Julia A. Graber, Ph.D.
Dr. Graber is a Professor in the Department of Psychology and currently serves as the Graduate Coordinator for the Department and as the Developmental Area Director. She received her M.S. and Ph.D. (1991) from Penn State University. Before arriving at UF, she served as the Director of Graduate Training at the National Center for Children and Families (NCCF) at Teachers College, Columbia University for 9 years, and as the Associate Director of NCCF for 7 years. NCCF combines research, policy, and practice initiatives in order to address the needs of children and families. Much of her research has focused on changes in adjustment and health related behaviors during the transition into middle school. She has been particularly interested in how young adolescents navigate the social challenges that go along with puberty and has examined the role of stress, family, and peer relationships in adjustment (for example, depression and aggression).
Allison Metz, M.S.
Allison is ABD and working on her dissertation in the Doctoral program in Developmental Psychology. Her research interests are on risk-taking behaviors and intervention and prevention programs. Most recently, she has been investigating parenting and how parenting behaviors promote autonomy and self-regulation into emerging adulthood. Allison received a B.A. in Psychology from Clark University in 2008.
Mary Saczawa, M.S.
Mary is ABD and working on her dissertation in the Doctoral program in Developmental Psychology. Her research interests are on biological and social risk factors for psychopathology in adolescents. Her Master’s thesis investigated how parenting, routine, and the cortisol/DHEAS ratio moderate the relationship between peer rejection and symptoms of depression and aggression. Her dissertation focuses on adolescent social networks and their impact on adjustment. Mary received a B.S. in Neuroscience and Behavioral Biology from Emory University in 2007.
Phoua Yang, M.S.
Phoua is a fourth year graduate student pursuing her Doctorate in Developmental Psychology. Her research interest is in exploring the resilience among low-income and minority populations living in impoverished areas. Other areas of interest include understanding the role of culture on positive youth development as well as factors influencing parental monitoring and management of peer relationships. Phoua received her B.S. in Psychology from the University of Wisconsin-River Falls in 2012. She is also a Ronald E. McNair Alumna.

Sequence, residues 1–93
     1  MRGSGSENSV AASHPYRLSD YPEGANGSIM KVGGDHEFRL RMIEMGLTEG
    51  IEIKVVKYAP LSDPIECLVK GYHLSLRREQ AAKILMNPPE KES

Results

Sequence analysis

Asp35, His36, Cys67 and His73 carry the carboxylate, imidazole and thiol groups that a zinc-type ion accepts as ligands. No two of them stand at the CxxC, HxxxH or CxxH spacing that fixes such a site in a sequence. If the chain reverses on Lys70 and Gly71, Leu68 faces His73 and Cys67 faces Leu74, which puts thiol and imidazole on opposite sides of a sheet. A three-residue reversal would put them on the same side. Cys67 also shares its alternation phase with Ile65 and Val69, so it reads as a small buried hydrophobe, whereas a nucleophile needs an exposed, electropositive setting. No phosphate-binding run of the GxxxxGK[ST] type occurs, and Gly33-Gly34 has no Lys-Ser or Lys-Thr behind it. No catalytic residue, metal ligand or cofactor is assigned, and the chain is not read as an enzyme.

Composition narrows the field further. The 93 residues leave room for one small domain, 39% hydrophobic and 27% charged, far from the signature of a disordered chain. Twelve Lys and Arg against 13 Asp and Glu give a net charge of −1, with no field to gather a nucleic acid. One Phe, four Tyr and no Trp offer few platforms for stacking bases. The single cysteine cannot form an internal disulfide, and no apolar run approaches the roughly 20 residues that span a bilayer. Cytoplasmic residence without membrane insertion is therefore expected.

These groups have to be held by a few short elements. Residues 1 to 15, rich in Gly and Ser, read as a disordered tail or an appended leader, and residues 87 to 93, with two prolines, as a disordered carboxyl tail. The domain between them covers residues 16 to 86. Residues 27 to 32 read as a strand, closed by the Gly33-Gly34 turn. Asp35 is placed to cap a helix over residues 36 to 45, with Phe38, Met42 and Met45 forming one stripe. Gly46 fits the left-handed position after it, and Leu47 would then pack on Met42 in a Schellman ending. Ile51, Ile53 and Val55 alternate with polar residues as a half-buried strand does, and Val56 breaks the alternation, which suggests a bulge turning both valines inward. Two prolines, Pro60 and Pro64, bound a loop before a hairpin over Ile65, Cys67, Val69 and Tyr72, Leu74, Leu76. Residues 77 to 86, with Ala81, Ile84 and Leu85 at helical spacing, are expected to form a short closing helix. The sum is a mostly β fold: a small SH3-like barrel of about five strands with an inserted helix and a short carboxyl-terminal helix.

Lisa M. Sontag-Padilla, Ph.D. (2009)
Lisa received her doctorate in Developmental Psychology in 2009. Her research broadly focuses on the development of psychopathology, the impact of pubertal timing and pubertal changes, stress and coping, and peer relationships. Lisa received her B.S. in Psychology from Tulane University in 2004. Lisa received national recognition and support for her dissertation research from the American Psychological Foundation/Council of Graduate Departments of Psychology (APF/COGDOP, 2006). After completing her doctorate, Lisa was an NRSA Research Fellow in the Division of Adolescent Medicine, Cincinnati Children’s Hospital Medical Center. She is now a Research Scientist in Health Policy Research at the RAND Corporation.
Katherine H. Clemans, Ph.D. (2010)
Katherine received her doctorate in Developmental Psychology in 2010. Her research focuses on emotional correlates of moral development and antisocial behavior in adolescence. Katherine received a B.A. in Psychology from Duke University in 2002. Katherine was the J. Hillis Miller Presidential Fellow at the University of Florida as a graduate student. She completed an NIMH Postdoctoral Fellow at the Bloomberg School of Public Health, Johns Hopkins University and is presently a lecturer at Amherst College.
Julie Hill, Ph.D. (2015)
Julie received her doctorate in Developmental Psychology in 2015. Her research focuses on the relationship between adolescents’ cognitions and behaviors, specifically in relation to sexual intercourse. Currently she is investigating the developmental trajectory of ambivalent feelings about sexual intercourse during the transition to college. Julie received a B.A. in Psychology from McDaniel College in 2008 and a M.S. in Psychology from the University of Florida in 2010. Julie has just started a tenure-track position in Psychology at the University of Wisconsin, Platteville.